Converting light to electricity is one of the pillars of modern electronics, with the process essential for the operation of everything from solar cells and TV remote control receivers through to laser communications and astronomical telescopes. These devices rely on the swift and effective operation of this technology, especially in scientific equipment, to ensure the most efficient conversion rates possible. In this vein, researchers from the Institute of Photonic Sciences (Institut de Ciències Fotòniques/ICFO) in Barcelona have demonstrated a graphene-based photodetector they claim converts light into electricity in less than 50 quadrillionths of a second.
Graphene has already been identified as a superior substance for the transformation of photons to electrical current, even in the infrared part of the spectrum. However, prior to the ICFO research, it was unclear exactly how fast graphene would react when subjected to ultra-rapid bursts of light energy.
To test the speed of conversion, the ICFO team – in collaboration with scientists from MIT and the University of California, Riverside – utilized an arrangement consisting of graphene film layers set up as a p-n (positive-negative) junction semiconductor, a sub-50 femtosecond, titanium-sapphire, pulse-shaped laser to provide the ultrafast flashes of light, along with an ultra-sensitive pulse detector to capture the speed of conversion to electrical energy.
When this arrangement was fired up and tested, the scientists realized that the photovoltage generation time was occurring at a rate of better than 50 femtoseconds (or 50 quadrillionths of a second).
According to the researchers, this blistering speed of conversion is due to the structure of graphene which allows the exceptionally rapid and effective interaction between all of the conduction band carriers contained within it. In other words, the excitation of the molecules of graphene by the laser pulses causes the electrons in the material to heat up, and stay hot, while the carbon lattice underlying the structure remains cool. And, as the electrons in the laser-excited graphene do not cool down rapidly because they do not easily recouple with the graphene lattice, they remain in that state and transfer their energy much more rapidly.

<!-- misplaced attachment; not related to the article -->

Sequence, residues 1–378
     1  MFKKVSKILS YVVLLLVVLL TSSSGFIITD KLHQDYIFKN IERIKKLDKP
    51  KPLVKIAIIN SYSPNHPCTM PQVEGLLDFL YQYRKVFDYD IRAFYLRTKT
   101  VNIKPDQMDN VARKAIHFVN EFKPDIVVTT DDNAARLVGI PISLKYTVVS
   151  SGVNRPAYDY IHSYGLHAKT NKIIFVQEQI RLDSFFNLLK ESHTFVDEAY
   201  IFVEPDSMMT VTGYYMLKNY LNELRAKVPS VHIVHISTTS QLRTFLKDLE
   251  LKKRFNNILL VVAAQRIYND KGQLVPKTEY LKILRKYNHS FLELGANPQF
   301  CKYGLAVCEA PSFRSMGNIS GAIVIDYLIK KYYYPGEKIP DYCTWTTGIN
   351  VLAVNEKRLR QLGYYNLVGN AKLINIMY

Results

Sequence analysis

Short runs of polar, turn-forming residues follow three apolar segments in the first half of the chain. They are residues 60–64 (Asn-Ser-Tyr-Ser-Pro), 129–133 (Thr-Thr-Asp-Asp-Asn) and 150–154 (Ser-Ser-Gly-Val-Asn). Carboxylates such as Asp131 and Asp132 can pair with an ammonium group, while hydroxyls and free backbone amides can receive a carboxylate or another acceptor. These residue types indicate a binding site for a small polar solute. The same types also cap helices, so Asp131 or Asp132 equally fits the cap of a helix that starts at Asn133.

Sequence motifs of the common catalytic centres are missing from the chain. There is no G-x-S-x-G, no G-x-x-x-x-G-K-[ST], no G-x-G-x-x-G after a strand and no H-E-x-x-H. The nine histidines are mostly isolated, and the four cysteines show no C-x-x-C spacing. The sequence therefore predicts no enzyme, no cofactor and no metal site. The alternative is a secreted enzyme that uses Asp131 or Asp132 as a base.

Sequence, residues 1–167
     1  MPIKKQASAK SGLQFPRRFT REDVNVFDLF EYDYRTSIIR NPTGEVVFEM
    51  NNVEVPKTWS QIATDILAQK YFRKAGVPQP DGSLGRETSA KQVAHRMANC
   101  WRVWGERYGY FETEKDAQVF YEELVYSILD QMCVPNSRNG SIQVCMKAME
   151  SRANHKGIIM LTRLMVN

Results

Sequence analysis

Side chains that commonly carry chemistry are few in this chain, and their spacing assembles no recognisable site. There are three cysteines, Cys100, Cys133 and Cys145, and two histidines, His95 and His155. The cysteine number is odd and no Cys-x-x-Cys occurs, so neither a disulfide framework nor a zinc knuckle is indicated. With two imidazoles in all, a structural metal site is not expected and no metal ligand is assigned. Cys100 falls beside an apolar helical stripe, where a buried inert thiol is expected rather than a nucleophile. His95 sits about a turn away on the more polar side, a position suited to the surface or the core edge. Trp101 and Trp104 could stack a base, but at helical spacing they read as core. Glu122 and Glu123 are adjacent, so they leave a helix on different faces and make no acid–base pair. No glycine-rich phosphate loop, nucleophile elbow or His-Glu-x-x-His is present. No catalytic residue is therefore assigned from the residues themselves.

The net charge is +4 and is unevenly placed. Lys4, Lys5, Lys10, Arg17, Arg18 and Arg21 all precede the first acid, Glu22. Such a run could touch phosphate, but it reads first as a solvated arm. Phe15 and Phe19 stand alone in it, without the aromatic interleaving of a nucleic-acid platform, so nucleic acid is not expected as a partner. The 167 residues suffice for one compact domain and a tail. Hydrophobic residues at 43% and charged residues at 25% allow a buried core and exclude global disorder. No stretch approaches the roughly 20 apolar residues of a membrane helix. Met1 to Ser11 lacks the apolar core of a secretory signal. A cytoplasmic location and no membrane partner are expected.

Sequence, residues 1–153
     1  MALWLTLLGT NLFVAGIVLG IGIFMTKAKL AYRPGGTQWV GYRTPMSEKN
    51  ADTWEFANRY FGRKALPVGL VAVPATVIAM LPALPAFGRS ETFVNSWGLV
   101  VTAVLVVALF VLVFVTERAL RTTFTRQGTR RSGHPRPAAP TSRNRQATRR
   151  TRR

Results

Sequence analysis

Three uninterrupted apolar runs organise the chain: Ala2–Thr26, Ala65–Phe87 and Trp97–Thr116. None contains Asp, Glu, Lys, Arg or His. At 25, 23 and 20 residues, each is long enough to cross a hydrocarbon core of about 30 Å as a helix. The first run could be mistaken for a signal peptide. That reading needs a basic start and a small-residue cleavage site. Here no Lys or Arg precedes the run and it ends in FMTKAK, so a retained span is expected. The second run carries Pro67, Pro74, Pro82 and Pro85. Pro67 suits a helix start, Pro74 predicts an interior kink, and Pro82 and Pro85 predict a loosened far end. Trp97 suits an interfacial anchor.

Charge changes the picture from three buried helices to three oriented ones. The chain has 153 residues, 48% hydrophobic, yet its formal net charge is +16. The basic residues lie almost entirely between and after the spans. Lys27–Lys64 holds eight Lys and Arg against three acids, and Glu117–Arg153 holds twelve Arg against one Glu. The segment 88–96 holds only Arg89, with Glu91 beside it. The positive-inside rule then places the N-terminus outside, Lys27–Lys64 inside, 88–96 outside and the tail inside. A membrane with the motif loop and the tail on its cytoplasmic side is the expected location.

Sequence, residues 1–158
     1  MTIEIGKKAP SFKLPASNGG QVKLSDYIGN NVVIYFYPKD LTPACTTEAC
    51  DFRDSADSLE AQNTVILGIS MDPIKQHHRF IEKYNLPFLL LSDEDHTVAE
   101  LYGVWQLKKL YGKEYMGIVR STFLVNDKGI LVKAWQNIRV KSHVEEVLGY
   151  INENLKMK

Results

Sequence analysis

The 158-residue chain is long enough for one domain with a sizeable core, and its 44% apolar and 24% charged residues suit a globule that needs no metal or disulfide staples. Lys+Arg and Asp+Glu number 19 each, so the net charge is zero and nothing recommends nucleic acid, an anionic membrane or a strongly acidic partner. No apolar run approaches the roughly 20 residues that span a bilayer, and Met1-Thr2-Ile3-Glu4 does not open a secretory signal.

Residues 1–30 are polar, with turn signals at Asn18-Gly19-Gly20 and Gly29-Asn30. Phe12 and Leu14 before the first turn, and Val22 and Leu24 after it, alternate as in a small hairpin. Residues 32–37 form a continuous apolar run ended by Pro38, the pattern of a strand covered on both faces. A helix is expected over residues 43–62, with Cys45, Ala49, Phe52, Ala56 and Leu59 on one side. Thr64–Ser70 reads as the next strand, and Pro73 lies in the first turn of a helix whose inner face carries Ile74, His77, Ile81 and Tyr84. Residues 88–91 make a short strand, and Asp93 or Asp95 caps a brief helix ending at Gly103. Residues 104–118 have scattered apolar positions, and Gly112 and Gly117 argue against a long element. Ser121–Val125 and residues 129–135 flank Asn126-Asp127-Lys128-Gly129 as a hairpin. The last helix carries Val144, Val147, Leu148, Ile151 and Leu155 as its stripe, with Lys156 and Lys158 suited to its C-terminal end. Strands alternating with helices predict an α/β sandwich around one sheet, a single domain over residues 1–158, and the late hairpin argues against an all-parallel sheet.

As such, constant laser-pulse excitation of an area of graphene quickly results in superfast electron distribution within the material at constantly elevated electron temperatures. This rapid conversion to electron heat is then converted into a voltage at the p-n junction of two graphene regions.
Significantly, this "hot-carrier" generation is quite different from the operation of standard semiconductor devices. This is because their operation is dependent upon overcoming of the binding electron energy inherent in the material for an incoming photon to dislodge an electron and create an electrical current. In the ICFO device, the continued excitation of electrons above this band-gap level results in the much faster and easier movement of them when subjected to incoming photons to create an electric current.
Though it is early days in the study of such devices, the practical upshot of this research may be in the eventual production of novel types of ultrafast and extremely effective photodetectors and energy-harvesting devices. And, given that the basic operating principles of hot-carrier graphene devices are substantially different from traditional silicon or germanium semiconductors, an entirely new stream of electronic components that take advantage of this phenomenon may evolve.
The findings of this work have recently been published in the journal Nature Nanotechnology.